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What TV has done to many of us

Sentinel Digital DeskBy : Sentinel Digital Desk

  |  2 Aug 2015 12:00 AM GMT


D. N. Bezboruah

Television is one of the gifts of science that constantly reminds us that with all such giving, there is also the inevitable taking away. And quite often, the taking away can be more precious than what we have been gifted. There is no denying that television has been a great provider of access to information and that, in combition with the advances to information technology and the computer, television has literally overwhelmed us with benefits. And when something like this happens, it is very easy to lose sight of the losses that such boons inevitably cause. To start with, television, like the computer, can be very addictive. I can see a whole lot of young people who ought to be playing games and attending a lot more to their studies spending far too much time watching television. In fact, many of them have become couch potatoes like their parents were a generation ago. The same thing can be said of people’s addiction to the computer. There are many who spend a lot of time playing computer games. Worse, many young people who ought to have better things to do, spend a lot of time on on-line pornography.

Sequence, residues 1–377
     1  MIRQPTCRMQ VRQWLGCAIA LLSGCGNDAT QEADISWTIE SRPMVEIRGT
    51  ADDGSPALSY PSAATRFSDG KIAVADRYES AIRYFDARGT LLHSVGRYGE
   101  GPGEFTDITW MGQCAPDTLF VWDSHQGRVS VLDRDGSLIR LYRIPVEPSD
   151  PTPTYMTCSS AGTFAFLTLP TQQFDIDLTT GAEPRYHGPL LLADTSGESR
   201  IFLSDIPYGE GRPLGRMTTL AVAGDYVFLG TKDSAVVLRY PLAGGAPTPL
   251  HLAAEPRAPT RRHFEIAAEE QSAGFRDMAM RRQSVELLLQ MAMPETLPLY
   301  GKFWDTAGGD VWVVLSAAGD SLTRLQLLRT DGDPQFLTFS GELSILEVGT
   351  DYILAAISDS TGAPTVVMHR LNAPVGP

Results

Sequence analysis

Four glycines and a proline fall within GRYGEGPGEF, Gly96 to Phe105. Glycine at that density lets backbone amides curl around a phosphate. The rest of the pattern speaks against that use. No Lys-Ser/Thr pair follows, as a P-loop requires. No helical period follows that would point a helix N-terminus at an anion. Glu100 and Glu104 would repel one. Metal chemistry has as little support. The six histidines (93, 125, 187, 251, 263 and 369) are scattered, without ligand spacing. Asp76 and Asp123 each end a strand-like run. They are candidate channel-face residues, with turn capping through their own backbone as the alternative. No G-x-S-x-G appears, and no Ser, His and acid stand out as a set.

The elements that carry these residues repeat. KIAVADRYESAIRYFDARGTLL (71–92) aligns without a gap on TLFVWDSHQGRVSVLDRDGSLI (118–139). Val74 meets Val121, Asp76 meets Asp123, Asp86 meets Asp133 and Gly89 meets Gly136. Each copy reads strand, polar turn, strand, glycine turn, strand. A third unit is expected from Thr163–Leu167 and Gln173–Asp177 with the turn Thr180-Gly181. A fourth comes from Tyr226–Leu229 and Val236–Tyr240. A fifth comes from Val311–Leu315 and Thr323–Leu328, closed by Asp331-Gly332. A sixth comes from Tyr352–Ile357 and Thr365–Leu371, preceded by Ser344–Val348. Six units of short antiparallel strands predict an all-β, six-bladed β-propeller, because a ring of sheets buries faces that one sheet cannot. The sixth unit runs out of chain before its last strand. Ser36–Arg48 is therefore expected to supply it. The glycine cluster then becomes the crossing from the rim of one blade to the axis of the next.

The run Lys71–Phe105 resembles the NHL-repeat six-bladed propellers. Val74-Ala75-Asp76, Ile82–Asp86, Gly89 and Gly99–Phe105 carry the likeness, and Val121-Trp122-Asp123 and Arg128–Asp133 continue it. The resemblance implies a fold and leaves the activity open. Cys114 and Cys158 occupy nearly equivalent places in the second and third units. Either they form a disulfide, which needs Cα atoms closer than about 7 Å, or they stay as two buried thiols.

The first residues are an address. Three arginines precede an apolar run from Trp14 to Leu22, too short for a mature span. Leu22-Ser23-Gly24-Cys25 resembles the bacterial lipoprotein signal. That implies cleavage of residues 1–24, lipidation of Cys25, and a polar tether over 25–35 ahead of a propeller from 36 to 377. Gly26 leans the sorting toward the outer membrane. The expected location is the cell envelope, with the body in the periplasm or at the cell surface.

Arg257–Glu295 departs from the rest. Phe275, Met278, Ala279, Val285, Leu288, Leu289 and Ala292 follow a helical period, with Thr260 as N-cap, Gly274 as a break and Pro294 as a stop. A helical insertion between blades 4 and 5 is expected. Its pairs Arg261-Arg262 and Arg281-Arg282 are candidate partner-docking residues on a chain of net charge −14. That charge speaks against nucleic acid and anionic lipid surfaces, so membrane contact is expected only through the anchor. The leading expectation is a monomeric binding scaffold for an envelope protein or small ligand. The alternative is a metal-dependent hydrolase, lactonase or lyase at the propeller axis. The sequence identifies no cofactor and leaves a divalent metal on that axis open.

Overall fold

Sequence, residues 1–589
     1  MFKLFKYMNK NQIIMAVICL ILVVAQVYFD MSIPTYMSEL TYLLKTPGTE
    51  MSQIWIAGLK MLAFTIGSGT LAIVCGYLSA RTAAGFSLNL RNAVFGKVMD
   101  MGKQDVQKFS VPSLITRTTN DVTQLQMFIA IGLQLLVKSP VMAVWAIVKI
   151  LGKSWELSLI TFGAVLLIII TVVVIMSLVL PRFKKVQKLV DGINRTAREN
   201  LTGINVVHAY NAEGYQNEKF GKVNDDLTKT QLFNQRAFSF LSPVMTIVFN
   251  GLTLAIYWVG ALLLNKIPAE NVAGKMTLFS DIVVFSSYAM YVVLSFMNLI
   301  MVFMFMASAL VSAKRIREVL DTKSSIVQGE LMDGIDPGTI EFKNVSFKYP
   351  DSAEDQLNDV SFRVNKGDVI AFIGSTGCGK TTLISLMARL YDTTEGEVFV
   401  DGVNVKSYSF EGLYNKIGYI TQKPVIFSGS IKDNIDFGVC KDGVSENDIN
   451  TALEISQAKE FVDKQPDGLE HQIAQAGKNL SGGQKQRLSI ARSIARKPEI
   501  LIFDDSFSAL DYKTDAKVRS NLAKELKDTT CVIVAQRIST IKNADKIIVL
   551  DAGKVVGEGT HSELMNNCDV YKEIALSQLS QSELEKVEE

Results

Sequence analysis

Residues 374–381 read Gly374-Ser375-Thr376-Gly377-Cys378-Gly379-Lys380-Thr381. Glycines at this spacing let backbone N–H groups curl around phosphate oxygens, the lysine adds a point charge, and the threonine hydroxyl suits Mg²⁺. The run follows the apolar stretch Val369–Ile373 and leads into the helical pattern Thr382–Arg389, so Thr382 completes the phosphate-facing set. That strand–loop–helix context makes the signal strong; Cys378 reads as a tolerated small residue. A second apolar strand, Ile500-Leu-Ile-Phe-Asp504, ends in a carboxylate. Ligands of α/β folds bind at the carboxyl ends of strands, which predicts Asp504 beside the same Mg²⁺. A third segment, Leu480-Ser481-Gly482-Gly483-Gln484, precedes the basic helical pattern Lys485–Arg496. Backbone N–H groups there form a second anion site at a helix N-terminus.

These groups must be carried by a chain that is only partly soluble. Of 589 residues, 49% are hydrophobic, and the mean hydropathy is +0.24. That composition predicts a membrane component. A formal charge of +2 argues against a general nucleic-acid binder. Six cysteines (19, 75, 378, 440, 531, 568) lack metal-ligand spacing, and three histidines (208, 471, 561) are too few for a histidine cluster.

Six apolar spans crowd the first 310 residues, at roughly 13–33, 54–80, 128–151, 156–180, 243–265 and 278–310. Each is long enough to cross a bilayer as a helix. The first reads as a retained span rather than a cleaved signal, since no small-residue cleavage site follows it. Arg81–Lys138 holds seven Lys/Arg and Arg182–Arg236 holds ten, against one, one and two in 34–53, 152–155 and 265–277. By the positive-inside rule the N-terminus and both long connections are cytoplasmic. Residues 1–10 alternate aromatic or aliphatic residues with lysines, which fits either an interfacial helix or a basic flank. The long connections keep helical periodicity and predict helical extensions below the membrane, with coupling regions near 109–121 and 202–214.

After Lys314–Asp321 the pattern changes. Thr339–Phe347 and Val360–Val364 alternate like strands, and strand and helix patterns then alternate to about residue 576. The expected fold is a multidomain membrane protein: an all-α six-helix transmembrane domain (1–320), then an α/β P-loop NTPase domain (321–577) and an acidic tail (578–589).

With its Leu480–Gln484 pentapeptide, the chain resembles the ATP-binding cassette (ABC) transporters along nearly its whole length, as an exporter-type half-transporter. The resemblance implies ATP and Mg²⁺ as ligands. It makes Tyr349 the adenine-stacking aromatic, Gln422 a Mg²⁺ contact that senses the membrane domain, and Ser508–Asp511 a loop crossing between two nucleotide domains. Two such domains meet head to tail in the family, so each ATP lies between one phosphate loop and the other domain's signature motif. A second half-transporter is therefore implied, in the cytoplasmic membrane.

The very fact that I am beginning to spend less and less of my borrowed time sitting before the idiot box is an indicator of my disillusionment with and dislike of what I see on television. Since this might sound like an unfair generalization, it might be a better idea to take up what repels me in the presentation of news on TV and how it has failed even in its role as entertainment provider. There are two things that stand out in the area of news presentation over television. One is the selection of news and the other is the way it is presented. The local TV channels have much to learn about what constitutes news and what does not. There seems to be more and more of persol information about individuals being presented as news. A young couple caught in a compromising position in some remote corner of a park, may provide the material for titillating gossip, but it is not news. Nor does a TV channel have the right to invade the privacy of individuals. In fact, in these days of paid news, the presentation of such items as news may lay the TV channel open to suspicion of failed blackmail attempts. Viewers may legitimately suspect that the video clip was shown to the couple and some money demanded for not telecasting it. On failing to get the desired response, the clip was used as a means of securing cheap revenge. We are beginning to get far too much of persol news about people who are not in the news. Such presentation of news brings down the credibility and the stature of the TV channel in question. Such unfortute selection of news often results in more important news getting left out. And what invariably gets left out is what ought to constitute campaigns against acts of government injustice against the people and the numerous anti-people initiatives resulting from attempts to appease the vote-bank of illegal migrants from other countries. Our local television channels would do well to distinguish carefully what constitutes news from what are persol matters and do not constitute news. And that brings me to the manner of presentation of television news. Flashing four mug shots of the same person in a row and repeating the process diagolly or vertically and repeating such gimmicks again and again are not only in questioble taste but are puerile presentations that irritate the viewer. If a document is presented as supportive evidence to any news, viewers ought to be able to read the relevant portions of the document. Instead of presenting something rushed through four times, it makes better sense to present the clip once but long enough for people to be able to read what is shown. Likewise, the practice of putting a circle around a person’s face and adding an arrow to it for good measure is quite unnecessary and certainly in poor taste. Such childish gimmicks have no place in good television presentation. It is quite often a clear indication that the TV channel is running out of smart ideas and feels obliged to resort to gimmicks. And why should the same news clip be repeated so many times within a span of 10 or 15 minutes? When it comes to presentation of music or drama (including serials) our local channels have a long way to go in singing as well as acting. It is time they pulled up their socks.